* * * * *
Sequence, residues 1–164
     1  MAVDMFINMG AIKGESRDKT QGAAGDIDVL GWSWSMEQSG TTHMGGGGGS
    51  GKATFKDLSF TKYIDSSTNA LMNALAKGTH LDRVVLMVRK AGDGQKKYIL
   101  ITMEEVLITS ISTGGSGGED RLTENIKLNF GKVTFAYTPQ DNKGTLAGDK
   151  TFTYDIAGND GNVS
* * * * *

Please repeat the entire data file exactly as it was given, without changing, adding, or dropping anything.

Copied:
Sequence, residues 1–164
     1  MAVDMFINMG AIKGESRDKT QGAAGDIDVL GWSWSMEQSG TTHMGGGGGS
    51  GKATFKDLSF TKYIDSSTNA LMNALAKGTH LDRVVLMVRK AGDGQKKYIL
   101  ITMEEVLITS ISTGGSGGED RLTENIKLNF GKVTFAYTPQ DNKGTLAGDK
   151  TFTYDIAGND GNVS